Settlers

Mother and daughter cower

Settlers is a sci-fi film so far away from what people usually term sci-fi that it barely qualifies. In fact it opens looking like a western – big craggy mountains in a dusty landscape – and then plays out like a wildlife documentary.

The sort of wildlife documentary where a new male lion arrives on the scene, kills the old leader of the pride and then moves in with the lionesses who were already there. It’s the law of the savannah.

In this scenario the existing cubs usually get killed, a fact innately understood by young Remmy (Brooklynn Prince) after new male Jerry (Ismael Cruz Córdova) arrives at their remote settlement, displaces dad (Jonny Lee Miller) and starts making a move on her mother Ilsa (Sofia Boutella).

Until the arrival of the stranger this was a happy family of three trying to carve out a new life on Mars, where, it’s suggested, a bit of tinkering with the atmosphere has made the planet habitable if not entirely hospitable.

Now, with dad out of the way, mother and daughter are part of a new trio, one in a state of permanent tension – Jerry wants Ilsa, Ilsa wants Jerry dead, though being an attractive woman of a certain age, and Jerry being an attractive man of a similar age, a bit of propogation of the species might not be entirely off the cards. Remmy, stuck in the middle, looks on with trepidation, tending to the family’s pig and becoming fascinated with a robot that Jerry’s brought with him. It’s the sort of low scuttling boxy bot that might have escaped from 1972’s Silent Running. Think R2-D2 with fewer communication skills, or a small fridge on legs. Sci-fi freaks, that’s your lot so make the most of it.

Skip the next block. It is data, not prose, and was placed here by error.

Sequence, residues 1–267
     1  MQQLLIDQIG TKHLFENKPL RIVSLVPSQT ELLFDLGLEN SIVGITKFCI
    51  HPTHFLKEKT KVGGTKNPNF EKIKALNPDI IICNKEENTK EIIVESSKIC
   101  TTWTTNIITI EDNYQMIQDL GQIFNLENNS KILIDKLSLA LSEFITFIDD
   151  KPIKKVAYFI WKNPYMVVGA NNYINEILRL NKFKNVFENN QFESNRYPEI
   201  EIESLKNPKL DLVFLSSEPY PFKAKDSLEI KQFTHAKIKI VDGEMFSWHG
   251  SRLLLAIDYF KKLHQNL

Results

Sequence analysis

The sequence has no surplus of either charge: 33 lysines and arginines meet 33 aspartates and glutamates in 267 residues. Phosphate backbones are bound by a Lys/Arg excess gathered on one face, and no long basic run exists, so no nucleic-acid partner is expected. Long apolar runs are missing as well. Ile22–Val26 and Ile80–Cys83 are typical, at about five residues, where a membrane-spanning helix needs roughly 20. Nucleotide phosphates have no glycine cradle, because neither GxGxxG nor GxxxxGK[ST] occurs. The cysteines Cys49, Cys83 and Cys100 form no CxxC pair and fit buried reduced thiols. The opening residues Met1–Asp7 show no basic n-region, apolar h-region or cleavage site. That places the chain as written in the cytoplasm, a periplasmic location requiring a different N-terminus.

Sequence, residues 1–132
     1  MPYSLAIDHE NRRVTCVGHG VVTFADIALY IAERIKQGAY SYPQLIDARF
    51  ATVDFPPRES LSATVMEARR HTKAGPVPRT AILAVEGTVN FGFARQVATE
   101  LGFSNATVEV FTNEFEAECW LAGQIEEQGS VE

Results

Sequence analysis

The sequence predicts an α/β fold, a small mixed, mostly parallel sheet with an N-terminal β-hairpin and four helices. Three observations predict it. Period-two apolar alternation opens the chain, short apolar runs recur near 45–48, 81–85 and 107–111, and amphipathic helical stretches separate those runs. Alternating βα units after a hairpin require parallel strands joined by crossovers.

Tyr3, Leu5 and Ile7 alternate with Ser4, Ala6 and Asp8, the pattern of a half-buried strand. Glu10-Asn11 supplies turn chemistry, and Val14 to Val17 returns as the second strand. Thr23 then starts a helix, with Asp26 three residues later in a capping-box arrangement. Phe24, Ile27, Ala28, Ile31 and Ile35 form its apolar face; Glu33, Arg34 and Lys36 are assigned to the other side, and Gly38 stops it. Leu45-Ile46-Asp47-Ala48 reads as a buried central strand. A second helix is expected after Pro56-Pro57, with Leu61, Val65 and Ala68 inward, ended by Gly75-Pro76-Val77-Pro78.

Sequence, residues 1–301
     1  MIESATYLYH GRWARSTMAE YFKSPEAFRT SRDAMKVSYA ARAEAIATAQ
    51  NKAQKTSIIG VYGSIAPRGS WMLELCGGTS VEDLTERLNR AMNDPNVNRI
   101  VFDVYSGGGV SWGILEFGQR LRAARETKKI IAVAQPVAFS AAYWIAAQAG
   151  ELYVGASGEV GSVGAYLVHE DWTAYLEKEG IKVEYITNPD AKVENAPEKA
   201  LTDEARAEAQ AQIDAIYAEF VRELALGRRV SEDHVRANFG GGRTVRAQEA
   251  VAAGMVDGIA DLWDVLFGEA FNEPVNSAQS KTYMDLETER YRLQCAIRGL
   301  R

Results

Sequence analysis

Ilsa and Jerry in a darkened room
Something’s gotta give, right?



Writer/director Wyatt Rockefeller (he’s one of those Rockefellers, but let’s not hold it against him) runs through the permutations with this cast of characters and squeezes the maximum amount of tension out of early scenes where tentative, potentially dangerous human relationships act as a metaphor for space exploration (or vice versa).

Sofia Boutella has a savagely beautiful face and as casting decisions go, she’s majestically right. A proud lioness. Is Ilsa scowling at Jerry or pouting at him? Brooklynn Prince does with old fashioned acting what Boutella can do with presence alone, and in the scenes where mum and new guy Jerry look like they might be edging towards carnality she runs through a range of emotions – alarm, disgust, horror, resolve – in short order and helps give the film an emotional resonance it wouldn’t otherwise have. It’s Remmy who’s in danger here; her mother is protected by her desirability and everything in Prince’s performance suggests that Remmy absolutely knows this in her bones.

The tension does not hold to the end, and without getting too spoiler-y, the film suffers from the lack of Boutella once her character recedes into the background, and throw more emphasis onto Cordova, who has struggled to find coherence in Jerry’s character. This becomes most obvious in the culminating powerplay between Jerry and an older and so sexually partnerable Remmy (now played by Nell Tiger Free) that’s a replay of the earlier one between Jerry and Ilsa. What sort of a man is Jerry? All instinct? Just keep the human race alive? Entirely selfish? It’s hard to say.

It’s all done on a tiny budget, I’m guessing, though the technical skills are high. Cinematographer Willie Nel shoots it all in various shades of ochre, dust in every fold of skin and settled in every crack and corner – the rust-coloured landscapes of South Africa make a passable Red Planet. Nitin Sawhney’s score is simultaenously gorgeous and spooky, helping build the tension and atmosphere with its hovering melodies and its barren electronic drones.

If hard sci-fi is all about interplanetary tech and contact with alien species, this is sci-fi at its very softest – a story about human beings doing the things human beings do when they’re not held back by the norms of civilisation. It’s Rockefeller’s feature debut. He’s done a good job.


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© Steve Morrissey 2022